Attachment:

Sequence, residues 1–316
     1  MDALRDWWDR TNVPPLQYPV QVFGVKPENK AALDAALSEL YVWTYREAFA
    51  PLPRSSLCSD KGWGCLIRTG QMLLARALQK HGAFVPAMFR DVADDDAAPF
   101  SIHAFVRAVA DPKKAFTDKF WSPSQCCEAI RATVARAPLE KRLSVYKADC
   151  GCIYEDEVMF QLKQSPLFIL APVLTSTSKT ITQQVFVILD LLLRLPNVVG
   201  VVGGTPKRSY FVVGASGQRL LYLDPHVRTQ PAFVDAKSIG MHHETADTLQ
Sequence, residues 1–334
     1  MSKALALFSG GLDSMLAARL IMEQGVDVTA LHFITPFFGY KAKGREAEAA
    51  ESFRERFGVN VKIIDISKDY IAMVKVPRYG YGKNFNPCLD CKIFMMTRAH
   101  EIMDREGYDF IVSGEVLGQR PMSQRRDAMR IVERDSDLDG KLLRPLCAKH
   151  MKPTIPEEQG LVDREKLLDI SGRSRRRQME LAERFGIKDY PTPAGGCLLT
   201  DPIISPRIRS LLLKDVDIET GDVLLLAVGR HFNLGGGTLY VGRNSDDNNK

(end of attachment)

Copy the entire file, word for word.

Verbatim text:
Sequence, residues 1–316
     1  MDALRDWWDR TNVPPLQYPV QVFGVKPENK AALDAALSEL YVWTYREAFA
    51  PLPRSSLCSD KGWGCLIRTG QMLLARALQK HGAFVPAMFR DVADDDAAPF
   101  SIHAFVRAVA DPKKAFTDKF WSPSQCCEAI RATVARAPLE KRLSVYKADC
   151  GCIYEDEVMF QLKQSPLFIL APVLTSTSKT ITQQVFVILD LLLRLPNVVG
   201  VVGGTPKRSY FVVGASGQRL LYLDPHVRTQ PAFVDAKSIG MHHETADTLQ
Sequence, residues 1–334
     1  MSKALALFSG GLDSMLAARL IMEQGVDVTA LHFITPFFGY KAKGREAEAA
    51  ESFRERFGVN VKIIDISKDY IAMVKVPRYG YGKNFNPCLD CKIFMMTRAH
   101  EIMDREGYDF IVSGEVLGQR PMSQRRDAMR IVERDSDLDG KLLRPLCAKH
   151  MKPTIPEEQG LVDREKLLDI SGRSRRRQME LAERFGIKDY PTPAGGCLLT
   201  DPIISPRIRS LLLKDVDIET GDVLLLAVGR HFNLGGGTLY VGRNSDDNNK